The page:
ADVANCED CARE PROVIDERS ON THE FRONT LINES OF THE OPIOID CRISIS
Patients seeking pain relief from PPOA are just as likely to see a Physician Assistant (PA) or Advanced Practice Registered Nurse (APRN) as they are a physician.
Both of these advanced care providers have advanced training and are able to write prescriptions, including those for controlled substances, without direct physician supervision. They can administer opioid antidotes and also adjust medicine dosages autonomously.
This is significant as the opioid crisis continues to rage nationwide. Bound by a combination of policy and principle, Physician Partners of America continues to focus on interventional treatment modalities; we favor minimally invasive and laser spine procedures that treat pain at its origin instead of masking it with opioid medication.
The onus is often on the PAs and APRNs to manage medication and taper patients down.
“Advanced care providers get to be the enforcers of the number of medicines – pain pills – that can be taken at a time,” says Abraham Rivera, M.D., Chief Medical Officer of Physician Partners of America. “They get to police what to do with the results of an abnormal urine drug test. They get to educate the patients about drug interactions. They get to enforce those reductions when they are part of a treatment plan.”
The physicians design treatment plans, and work hand in hand with Physician Assistants and APRNs to ensure that these plans are followed.
“Say I’m going to design a patient’s taper-down treatment plan for opiates because the doses are too high,” Dr. Rivera says. “Over the next three months, I’m going to scale them down in a certain fashion; but it is my advanced care provider who might be seeing that patient in those three months. They will have to endure the difficult task to make sure the patient sticks to that scale-down plan. That creates some very difficult interactions. “
“We’re the target of frustration from changes in politics to changes in protocols, and definitely tapering opioids is very, very difficult,” he says. “Patients are hurting. You reduce their opioids, they see that as a threat and therefore that’s offensive and you’re the one doing that to them.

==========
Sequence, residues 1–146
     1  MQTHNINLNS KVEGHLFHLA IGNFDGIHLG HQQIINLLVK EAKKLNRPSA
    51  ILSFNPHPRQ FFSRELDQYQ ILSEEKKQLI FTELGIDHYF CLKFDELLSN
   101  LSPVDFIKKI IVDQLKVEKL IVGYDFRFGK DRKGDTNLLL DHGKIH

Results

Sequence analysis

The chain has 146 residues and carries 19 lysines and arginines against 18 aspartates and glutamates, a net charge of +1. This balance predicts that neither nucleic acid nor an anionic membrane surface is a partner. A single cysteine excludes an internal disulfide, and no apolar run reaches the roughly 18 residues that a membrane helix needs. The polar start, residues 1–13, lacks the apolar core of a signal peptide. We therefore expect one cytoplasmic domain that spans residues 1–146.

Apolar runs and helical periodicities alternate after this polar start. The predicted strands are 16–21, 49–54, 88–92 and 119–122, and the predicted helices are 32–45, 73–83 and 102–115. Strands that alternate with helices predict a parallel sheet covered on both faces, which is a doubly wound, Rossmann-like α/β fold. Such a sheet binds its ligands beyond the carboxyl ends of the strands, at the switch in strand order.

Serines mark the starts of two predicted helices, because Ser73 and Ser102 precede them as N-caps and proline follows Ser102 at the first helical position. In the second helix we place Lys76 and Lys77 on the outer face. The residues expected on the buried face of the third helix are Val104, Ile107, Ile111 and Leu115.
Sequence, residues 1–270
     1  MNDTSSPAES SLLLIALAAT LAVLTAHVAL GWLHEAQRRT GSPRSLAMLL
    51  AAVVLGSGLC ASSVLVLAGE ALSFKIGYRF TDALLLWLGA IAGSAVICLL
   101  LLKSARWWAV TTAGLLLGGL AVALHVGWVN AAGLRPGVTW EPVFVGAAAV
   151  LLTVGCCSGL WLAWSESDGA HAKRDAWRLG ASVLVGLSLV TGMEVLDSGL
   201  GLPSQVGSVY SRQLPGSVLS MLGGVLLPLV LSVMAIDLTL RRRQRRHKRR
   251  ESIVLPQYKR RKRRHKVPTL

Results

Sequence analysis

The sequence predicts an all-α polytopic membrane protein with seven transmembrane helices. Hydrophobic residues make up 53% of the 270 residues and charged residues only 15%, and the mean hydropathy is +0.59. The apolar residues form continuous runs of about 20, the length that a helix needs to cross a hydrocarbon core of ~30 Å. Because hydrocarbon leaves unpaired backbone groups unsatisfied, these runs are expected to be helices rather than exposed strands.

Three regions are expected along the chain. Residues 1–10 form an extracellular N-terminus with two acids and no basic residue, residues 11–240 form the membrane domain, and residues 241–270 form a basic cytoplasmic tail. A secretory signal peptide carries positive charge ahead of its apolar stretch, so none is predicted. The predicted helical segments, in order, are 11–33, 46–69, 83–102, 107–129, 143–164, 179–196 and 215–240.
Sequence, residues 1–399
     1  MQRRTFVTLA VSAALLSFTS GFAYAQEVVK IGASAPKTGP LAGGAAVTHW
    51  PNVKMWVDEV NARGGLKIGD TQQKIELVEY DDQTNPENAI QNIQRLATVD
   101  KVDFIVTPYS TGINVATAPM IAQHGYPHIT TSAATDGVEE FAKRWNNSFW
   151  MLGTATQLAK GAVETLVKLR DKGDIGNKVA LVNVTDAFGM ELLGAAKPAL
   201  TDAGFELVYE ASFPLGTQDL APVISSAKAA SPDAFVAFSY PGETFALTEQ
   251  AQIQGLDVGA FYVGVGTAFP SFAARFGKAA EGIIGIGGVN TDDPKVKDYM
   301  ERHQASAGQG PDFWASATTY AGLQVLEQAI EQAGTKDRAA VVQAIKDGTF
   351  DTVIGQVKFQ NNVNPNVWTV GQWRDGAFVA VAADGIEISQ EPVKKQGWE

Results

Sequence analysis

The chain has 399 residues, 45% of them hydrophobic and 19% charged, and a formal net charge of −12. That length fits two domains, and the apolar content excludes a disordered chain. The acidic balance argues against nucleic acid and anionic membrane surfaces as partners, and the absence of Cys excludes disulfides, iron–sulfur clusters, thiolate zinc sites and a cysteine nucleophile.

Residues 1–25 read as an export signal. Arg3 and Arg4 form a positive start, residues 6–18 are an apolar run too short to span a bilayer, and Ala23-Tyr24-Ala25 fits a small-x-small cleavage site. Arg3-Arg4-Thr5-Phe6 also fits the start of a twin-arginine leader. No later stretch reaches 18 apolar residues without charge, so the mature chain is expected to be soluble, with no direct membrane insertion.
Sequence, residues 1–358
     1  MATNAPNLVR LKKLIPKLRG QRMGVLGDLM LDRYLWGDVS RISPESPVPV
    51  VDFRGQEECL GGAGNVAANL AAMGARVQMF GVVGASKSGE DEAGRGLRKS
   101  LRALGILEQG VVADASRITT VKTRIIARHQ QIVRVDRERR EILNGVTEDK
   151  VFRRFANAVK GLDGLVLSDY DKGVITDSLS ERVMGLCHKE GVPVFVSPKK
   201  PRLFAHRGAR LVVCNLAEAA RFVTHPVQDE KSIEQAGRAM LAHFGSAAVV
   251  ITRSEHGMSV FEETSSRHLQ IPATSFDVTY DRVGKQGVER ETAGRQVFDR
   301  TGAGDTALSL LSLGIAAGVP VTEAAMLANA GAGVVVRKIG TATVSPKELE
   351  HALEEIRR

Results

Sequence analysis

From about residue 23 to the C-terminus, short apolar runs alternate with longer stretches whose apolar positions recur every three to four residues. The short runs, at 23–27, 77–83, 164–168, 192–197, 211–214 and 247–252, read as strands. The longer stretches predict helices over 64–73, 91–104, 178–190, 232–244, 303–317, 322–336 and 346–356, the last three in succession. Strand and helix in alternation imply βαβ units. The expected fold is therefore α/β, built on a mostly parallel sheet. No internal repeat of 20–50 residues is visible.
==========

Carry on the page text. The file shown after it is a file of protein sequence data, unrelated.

“I can educate patients all day long on why it’s a good thing and why using interventional pain management methods instead of opioids are going to be better in the long run,” Shelton continues, “but the truth is that instant gratification in any field of medicine is the most desired, and that’s what opioids provide. And when you start to reduce that, it’s not welcomed at all.”
To be successful in the pain management field, advanced care professionals must get to know their established patients. He or she must be highly observant for such red flags as patients coming up short in their medication supply, requesting refills sooner than expected, or coming into the clinic with an “off” demeanor.
“Knowing these things contributes to a patient’s quality of care,” Shelton says, “and you’ve got to be able to pick that out and be a detective in the amount of time that you’re given. You use the tools at hand to do the job to the best of your abilities.”
In all, it takes a strong and well-educated professional to help patients in their journey out of pain, but advanced care practitioners see it as a very rewarding challenge.
“Advanced care providers need to have spring in step and happiness in heart,” says Dr. Rivera. “They have to have peace that they are doing the right thing for patients and endure the fact that we won’t please every patient. They have to be secure in the knowledge that what they are doing is the right thing.”
At Physician Partners of America, we are in the business of caring for people. Our goal is to transform the doctor-patient experience with our patient-centric model. We are a diverse and extended family of professionals bringing innovation and wide-ranging talents that to our healthcare mission.